While he was rehabbing from Tommy John surgery, Erik Cordier was acquired from Kansas City in a trade for Tony Pena Jr. Armed with a mid-90′s fastball and a plus change-up, Cordier has legitimate back-end-of-the-bullpen stuff. His curveball is still a work in progress and health is always a concern for a guy who has missed two complete years due to injuries, but the thought of Cordier making it as a starting pitcher isn’t out of the question. Despite his impressive stuff, Cordier’s strikeout rate is something of a red flag. He’s struck out only 7.0 batters per nine innings over the past two years. His walk rate hasn’t been good, either, though they both improved in 2010. Still, the stuff is too much to ignore and he’s never been far away from putting it all together. Worst-case scenario he turns into Kyle Farnsworth (that is, if he stays healthy).
Number 34: Yoshinori Yamarin – RHP (21) 6’2″ 190 LB. Last Year’s Rank: Unranked.
Yoshinori Yamarin was a January, 2009 sign out of Hyogo, Japan. Yamarin had previously gone undrafted in the Nippon Professional Baseball–his native country’s major league–draft for reasons not entirely clear to most Western talent evaluators. With a 90-92 MPH fastball and a slider with plus potential, Yamarin has a legitimate shot at making it to the major leagues as more than just a piece of organizational filler. 2010 was his first taste of stateside ball, and it was fairly successful. He posted a 27-to-13 strikeout-to-walk ratio and didn’t allow a home run in 28 and 2/3 innings for the GCL Braves.
Number 33: Amilcar Gaxiola – (20) 6’2″ 170 LB. Last Year’s Rank: Unranked.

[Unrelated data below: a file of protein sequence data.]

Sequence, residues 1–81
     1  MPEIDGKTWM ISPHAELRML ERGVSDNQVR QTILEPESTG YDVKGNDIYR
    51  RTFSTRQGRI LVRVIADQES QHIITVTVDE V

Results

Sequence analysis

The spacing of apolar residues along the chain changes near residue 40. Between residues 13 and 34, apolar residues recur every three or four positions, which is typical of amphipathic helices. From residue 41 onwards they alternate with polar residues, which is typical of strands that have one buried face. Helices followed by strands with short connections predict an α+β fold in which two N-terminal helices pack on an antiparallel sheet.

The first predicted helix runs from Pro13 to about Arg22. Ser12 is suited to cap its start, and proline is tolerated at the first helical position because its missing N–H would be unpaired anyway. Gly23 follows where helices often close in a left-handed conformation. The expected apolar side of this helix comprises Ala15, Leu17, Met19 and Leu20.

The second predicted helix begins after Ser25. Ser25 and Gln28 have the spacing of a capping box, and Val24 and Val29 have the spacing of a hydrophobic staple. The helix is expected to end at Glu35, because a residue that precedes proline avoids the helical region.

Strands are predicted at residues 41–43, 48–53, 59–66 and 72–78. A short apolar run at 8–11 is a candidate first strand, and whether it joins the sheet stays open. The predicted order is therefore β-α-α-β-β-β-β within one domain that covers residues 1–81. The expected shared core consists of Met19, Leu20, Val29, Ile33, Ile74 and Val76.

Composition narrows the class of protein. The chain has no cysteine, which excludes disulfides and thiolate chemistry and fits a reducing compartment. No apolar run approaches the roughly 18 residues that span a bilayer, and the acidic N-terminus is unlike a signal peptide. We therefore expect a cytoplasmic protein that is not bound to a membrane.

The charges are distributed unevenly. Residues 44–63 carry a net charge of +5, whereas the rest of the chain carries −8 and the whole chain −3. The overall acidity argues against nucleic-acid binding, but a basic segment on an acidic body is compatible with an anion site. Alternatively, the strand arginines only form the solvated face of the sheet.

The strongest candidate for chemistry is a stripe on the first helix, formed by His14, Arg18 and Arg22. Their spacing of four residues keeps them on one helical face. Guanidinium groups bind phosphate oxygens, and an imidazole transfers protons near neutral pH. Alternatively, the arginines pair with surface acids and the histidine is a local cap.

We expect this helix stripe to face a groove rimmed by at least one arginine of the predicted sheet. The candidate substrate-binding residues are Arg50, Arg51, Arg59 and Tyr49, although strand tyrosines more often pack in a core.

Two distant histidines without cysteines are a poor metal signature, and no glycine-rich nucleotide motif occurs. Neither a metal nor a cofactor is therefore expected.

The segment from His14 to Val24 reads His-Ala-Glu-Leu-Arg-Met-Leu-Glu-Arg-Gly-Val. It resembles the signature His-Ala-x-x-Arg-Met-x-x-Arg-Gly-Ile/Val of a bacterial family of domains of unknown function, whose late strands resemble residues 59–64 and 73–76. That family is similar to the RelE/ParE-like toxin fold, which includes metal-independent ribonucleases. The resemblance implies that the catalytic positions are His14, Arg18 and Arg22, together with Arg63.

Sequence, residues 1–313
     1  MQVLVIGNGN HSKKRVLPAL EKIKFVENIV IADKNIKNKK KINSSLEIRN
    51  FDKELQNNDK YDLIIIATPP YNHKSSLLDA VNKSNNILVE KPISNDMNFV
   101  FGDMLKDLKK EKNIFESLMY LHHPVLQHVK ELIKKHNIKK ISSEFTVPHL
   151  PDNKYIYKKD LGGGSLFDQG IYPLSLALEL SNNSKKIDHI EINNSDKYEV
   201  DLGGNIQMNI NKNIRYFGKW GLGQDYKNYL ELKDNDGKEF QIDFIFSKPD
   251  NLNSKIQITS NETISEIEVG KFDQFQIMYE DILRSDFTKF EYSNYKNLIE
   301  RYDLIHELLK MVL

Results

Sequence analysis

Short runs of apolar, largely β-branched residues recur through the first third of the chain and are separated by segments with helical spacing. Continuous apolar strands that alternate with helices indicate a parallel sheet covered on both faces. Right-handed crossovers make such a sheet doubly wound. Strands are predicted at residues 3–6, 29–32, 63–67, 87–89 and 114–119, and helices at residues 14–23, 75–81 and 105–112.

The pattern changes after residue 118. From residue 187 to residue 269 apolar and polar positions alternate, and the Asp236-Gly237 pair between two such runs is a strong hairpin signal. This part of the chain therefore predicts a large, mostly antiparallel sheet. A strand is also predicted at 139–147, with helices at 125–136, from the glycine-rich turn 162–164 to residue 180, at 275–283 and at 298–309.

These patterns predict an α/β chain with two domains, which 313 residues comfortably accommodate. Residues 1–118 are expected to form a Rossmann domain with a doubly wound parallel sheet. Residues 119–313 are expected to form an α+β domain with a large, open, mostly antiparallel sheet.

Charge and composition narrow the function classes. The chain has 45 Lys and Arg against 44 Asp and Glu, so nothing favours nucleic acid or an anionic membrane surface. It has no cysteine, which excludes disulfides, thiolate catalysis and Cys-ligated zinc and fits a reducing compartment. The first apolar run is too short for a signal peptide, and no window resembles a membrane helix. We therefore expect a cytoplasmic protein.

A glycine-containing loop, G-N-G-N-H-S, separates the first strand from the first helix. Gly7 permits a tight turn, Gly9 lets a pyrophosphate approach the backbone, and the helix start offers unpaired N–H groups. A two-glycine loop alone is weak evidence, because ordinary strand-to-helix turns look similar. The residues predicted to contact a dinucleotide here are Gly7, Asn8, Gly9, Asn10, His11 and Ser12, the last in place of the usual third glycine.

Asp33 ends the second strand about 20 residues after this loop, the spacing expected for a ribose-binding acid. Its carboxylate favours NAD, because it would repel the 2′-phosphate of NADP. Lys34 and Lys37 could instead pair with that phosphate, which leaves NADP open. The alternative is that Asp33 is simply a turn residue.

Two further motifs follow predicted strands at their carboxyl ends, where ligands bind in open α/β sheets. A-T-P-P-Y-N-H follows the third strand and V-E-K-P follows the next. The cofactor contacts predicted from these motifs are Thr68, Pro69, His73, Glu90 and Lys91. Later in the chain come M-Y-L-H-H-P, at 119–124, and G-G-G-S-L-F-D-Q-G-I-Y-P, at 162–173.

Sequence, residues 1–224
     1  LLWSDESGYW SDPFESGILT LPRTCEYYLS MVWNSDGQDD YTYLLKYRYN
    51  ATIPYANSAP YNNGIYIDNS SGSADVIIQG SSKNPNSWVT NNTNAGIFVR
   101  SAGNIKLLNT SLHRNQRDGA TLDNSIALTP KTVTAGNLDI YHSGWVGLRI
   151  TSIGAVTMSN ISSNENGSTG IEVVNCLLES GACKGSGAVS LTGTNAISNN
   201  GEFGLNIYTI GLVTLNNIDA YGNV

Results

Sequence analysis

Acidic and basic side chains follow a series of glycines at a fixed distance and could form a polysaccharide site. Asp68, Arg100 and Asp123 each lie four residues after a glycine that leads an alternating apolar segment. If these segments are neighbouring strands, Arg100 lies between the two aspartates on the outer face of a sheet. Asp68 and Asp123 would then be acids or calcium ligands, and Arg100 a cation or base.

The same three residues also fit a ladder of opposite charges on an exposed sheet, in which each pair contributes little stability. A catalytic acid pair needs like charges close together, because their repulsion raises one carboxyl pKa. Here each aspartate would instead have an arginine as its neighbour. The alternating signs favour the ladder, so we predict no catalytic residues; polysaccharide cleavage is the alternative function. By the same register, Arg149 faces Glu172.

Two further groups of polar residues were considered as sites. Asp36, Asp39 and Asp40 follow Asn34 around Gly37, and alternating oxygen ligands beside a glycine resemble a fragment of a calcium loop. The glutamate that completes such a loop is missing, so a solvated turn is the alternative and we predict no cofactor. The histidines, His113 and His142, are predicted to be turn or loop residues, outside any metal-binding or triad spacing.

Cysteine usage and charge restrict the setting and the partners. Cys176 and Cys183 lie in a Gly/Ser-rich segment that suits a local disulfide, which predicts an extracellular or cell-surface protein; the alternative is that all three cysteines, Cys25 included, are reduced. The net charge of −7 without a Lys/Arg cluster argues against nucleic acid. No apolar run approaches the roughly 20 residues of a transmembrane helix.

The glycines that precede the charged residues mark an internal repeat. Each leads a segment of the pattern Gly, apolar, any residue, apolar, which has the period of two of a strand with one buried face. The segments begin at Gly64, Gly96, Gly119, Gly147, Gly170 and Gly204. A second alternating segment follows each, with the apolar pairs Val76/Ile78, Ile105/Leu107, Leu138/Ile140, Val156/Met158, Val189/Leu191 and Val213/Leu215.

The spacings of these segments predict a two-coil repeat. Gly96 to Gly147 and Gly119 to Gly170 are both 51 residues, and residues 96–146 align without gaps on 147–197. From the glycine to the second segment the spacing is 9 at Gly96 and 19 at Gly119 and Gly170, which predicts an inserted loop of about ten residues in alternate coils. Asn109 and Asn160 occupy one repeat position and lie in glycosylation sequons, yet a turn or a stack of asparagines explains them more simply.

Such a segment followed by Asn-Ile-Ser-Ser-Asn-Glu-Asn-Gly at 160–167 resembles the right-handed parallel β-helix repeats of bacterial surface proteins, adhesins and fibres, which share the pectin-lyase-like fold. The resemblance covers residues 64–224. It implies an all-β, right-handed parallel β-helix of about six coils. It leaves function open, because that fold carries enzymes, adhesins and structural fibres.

Gaxiola was an October, 2008 sign out of Culiacan, Mexico. After spending the 2009 season in the DSL he made his stateside debut in 2010, pitching 27 and 1/3 innings for the Gulf Coast League Braves. He posted a 3.95 ERA, a 1.134 WHIP, and a 26-to-6 strikeout-to-unintentional walk ratio while allowing 3 home runs. Gaxiola throws a 87-91 MPH fastball and a tight downer curve. His delivery is a bit herky-jerky, but his arm action is loose and his separation is superb. He may have add more velocity as he continues to mature, which would give him impact potential out of the bullpen. If not he’ll have to settle for a middle relief role, but he has the stuff and approach to make it to the majors.
The Braves made Leonard their third round pick in the 2010 draft and his professional debut was solid. He hit .270/.310/.439 in 159 PA’s, primarily for the Class A Rome Braves. Leonard is a polished defender at 3B with smooth, quick motions and a plus arm who could probably make for a passable all-glove reserve third baseman right now, but the bat has a long way to come. He was a good hitter at the University of Pittsburgh, but his power was non-existent. He has a chance to develop into an above-average third baseman on both sides of the ball, but I’m skeptical of his ability to produce offensively at the upper levels, being a guy that will have to hit for average and walk a lot to be an asset if the power doesn’t develop.
Masters was taken by the Braves in the 11th round of the 2009 draft out of Western Carolina University and on account of signing quickly has already logged over 200 professional innings. This year he pitched 136 innings for the Class A Rome Braves, posting a 4.30 ERA, a 1.368 WHIP, and a 123-to-52 strikeout-to-walk ratio while allowing 14 homers. His delivery is downright ugly, but it allows his already solid fastball at 89-93 MPH to play up. He also throws a fringe-average slider and a plus changeup (palmball, actually), though the Braves have nearly eliminated his in-game use of the latter for the time being. Once they allow him to throw the palmball in games, he’s a candidate to take off and shoot through the upper minors, but given his stocky frame he’s probably better suited for relief long-term. Still, you never know.